[Solved] CmpE 150 I Assignment 3 – Calculations on 3D pixel arrays of images

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In this assignment, you will write a Java program to make some calculations on 3D pixel arrays of some images. We will use the ppm image format for reading and writing image files. You will read a ppm image file into a 3D array. Firstly, you will write the exact 3D array to another ppm file. Second, you will calculate a color-channel based average and write a black-and-white version of the input image as ppm. Third, you will perform convolution operation using a 2D array (called “filter”) on the input image and write the result as another ppm image. Finally, you will check the values of the neighboring pixels to see if they are within a given range and modify these pixels to be equal if they are in the same range. This is called color quantization. Then you will write the quantized image to a final ppm file.

Each of these steps will be explained in detail. Please read this description very carefully before starting to write any code. Your program will run using arguments and a special integer argument called “mode” will be the indicator of what your program will perform.

PPM Image Format

The PPM (or Portable Pix Map) image format is encoded in human-readable text. Below is a brief synopsis of the format, which will aid you in being able to load and save a PPM image.

Sample ppm file:


4 4


0 0 0 100 0 0 0 0 0 255 0 255

0 0 0 0 255 175 0 0 0 0 0 0

0 0 0 0 0 0 0 15 175 0 0 0

255 0 255 0 0 0 0 0 0 255 255 255

Image Header

The first three lines are defined as the image header. They provide an overview of the contents of the image. PPM headers consist of four entries, which will be defined using the example:


4 4


  • P3 defines the image format; that is, what type of PPM (full color, ASCII encoding) image this is. For this assignment, it will always be P3.
  • Next comes the number of columns and the number of rows in the image. The example is a 4 pixel by 4 pixel image
  • Finally, we have the maximum color value. This defines the scale of values possible for the color intensities. This can be any value, but a common value is 255, meaning the red, green, and blue values for a pixel can range from a value of 0 up to 255. We will again always use 255 for this assignment.

Image Body

The image body contains the actual picture information as a series of RGB (red, green, and blue) values. Each pixel of the image is a tiny, colored square. In the PPM file, each pixel is defined by a triplet of values representing how much red, green, and blue (RGB) are present. So, the first pixel, which has a value of 0 0 0, is black, and the last pixel, 255 255 255, is white. By varying the levels of the RGB values you can come up with any color in between.

Note that color values must be separated by a space, but after that any additional whitespace is ignored by the image viewer. In the sample ppm above we used additional whitespace (‘t’) to format the pixel values so that it is easy for a human to understand.

The example image above would look something like this:

Keep in mind, each square is one pixel, so the real thing is much smaller (the rendered image was blown up by 5000%).

How to View PPM Files

To view PPM files, you can use the open-source and free software IrfanView, which you can download from here.

Part 1: Read the contents of the PPM file into a 3D array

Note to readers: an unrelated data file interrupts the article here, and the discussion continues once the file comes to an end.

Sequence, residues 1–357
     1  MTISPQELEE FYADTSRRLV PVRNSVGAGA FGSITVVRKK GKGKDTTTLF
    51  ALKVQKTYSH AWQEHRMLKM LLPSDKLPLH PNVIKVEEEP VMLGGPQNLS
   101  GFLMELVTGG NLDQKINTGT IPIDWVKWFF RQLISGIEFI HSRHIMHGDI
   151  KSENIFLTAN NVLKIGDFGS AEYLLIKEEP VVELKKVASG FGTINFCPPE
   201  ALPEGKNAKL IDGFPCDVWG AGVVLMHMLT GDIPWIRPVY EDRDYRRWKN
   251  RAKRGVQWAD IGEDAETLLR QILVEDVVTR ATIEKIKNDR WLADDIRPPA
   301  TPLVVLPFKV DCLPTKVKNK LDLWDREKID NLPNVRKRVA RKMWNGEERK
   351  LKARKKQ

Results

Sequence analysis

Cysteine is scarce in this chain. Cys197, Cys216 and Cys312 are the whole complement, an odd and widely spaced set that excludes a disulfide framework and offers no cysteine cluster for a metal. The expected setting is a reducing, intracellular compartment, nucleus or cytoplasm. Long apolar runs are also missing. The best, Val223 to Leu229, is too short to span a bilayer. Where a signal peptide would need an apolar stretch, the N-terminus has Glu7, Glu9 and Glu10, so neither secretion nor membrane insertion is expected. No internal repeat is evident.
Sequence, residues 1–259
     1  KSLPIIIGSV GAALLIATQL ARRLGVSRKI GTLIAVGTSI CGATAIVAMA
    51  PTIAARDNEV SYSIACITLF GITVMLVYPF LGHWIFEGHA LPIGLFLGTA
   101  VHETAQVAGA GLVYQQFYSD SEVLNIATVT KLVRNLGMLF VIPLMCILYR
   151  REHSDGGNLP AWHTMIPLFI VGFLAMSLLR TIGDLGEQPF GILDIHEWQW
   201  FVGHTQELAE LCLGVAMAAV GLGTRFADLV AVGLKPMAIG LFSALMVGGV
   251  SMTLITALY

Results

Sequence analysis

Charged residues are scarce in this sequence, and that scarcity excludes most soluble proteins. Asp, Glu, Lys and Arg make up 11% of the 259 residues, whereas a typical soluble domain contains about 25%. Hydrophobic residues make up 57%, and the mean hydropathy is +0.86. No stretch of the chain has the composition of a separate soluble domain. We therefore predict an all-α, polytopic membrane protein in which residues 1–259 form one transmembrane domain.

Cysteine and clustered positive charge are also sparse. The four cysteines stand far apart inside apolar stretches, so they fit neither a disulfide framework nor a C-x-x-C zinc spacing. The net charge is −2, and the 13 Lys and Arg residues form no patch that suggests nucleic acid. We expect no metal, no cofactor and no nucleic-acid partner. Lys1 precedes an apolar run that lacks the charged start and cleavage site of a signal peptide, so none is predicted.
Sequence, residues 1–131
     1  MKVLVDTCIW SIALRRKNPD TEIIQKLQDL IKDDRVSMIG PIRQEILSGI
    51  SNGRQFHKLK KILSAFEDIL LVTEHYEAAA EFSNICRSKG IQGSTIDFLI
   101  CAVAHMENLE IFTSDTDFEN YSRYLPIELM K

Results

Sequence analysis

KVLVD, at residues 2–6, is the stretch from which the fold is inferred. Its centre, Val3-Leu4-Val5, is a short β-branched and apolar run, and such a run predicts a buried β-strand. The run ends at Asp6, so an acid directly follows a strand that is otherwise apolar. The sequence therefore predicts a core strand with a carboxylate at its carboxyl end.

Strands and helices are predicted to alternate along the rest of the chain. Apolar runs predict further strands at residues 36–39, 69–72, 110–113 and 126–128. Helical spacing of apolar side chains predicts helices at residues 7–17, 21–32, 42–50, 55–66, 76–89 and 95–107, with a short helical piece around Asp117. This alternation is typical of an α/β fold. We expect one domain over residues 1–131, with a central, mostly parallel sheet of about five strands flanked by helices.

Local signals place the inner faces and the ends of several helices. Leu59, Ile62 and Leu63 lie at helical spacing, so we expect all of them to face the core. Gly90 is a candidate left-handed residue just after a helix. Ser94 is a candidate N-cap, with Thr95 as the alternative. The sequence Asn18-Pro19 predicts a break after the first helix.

You are given an example 128 x 128 image file named “input.ppm”. You will read the contents of this file to a 3D integer array.

Create a 3D integer array (representing the RGB values of the pixels in the image) using the header information of the PPM file (number of columns and number of rows). Fill the 3D array with the values given in the body part of the PPM file. Remember that the body of the PPM file gives information about the RGB values of pixels. First entry of the example above is 0 0 0, meaning that the pixel on the top left has 0 value for color red, 0 value for color green, and 0 value for color blue, this states that the pixel on the top left is black. In the 3D array that you create, Third dimension will represent the color channel. See Figure 1 for a nice visual representation of 3D arrays for images.

Figure 1: A visual representation of an image in a 3D array. (Values are only illustrative; they are not the real pixel values in the example image given to you.)

We can see from Figure 1 that the third dimension represents the color channel. For example:

  • pixelArray[0][0][0] represents the value of the red channel of the top left pixel.
  • pixelArray[0][0][1] represents the value of the green channel of the top left pixel.
  • pixelArray[0][0][2] represents the value of the blue channel of the top left pixel.

Therefore, the size of the 3D array that you create should be [rows][columns][3].

Part 2: Write the contents of the 3D pixel array to a PPM file

Your program will take the “mode” argument as 0, and an input PPM image file.

Argument1: 0

Argument2: input.ppm

After reading the PPM image into the 3D array, create a new file named “output.ppm”, and write the pixel values to the new PPM file by following the rules of the PPM format. Insert a ‘t’ character between RGB triplets. After writing the pixel array to the PPM file, you should be able to double click and view the same image in IrfanView.

This part of the project gives you 20 points.

Part 3: Calculate the color-channel average values and convert the colored image to black-and-white.

Your program will take the “mode” argument as 1, and an input PPM image file.

Argument1: 1

Argument2: input.ppm

In this part, you will calculate the average color values of each pixel using the three color channels (RGB). If you assign the calculated average value to all three color channels for all the pixels in the image, then you obtain the black-and-white (grayscale) version of the image. For example:

  • If [0][0][0] is 11, [0][0][1] is 13, and [0][0][2] is 12, average of these values is 12.
  • You should assign all three channels the same average value 12. Meaning that:

o [0][0][0] = 12 o [0][0][1] = 12 o [0][0][2] = 12

If you perform this for all the pixel values in the image, you get the black-and-white version. You should perform integer division since the pixel values in the images must be integers. Write the new black-and-white version to as another PPM image named “black-and-white.ppm”. The original image and your output image should be like below:

Original Black-and-White

This part of the project gives you 20 points.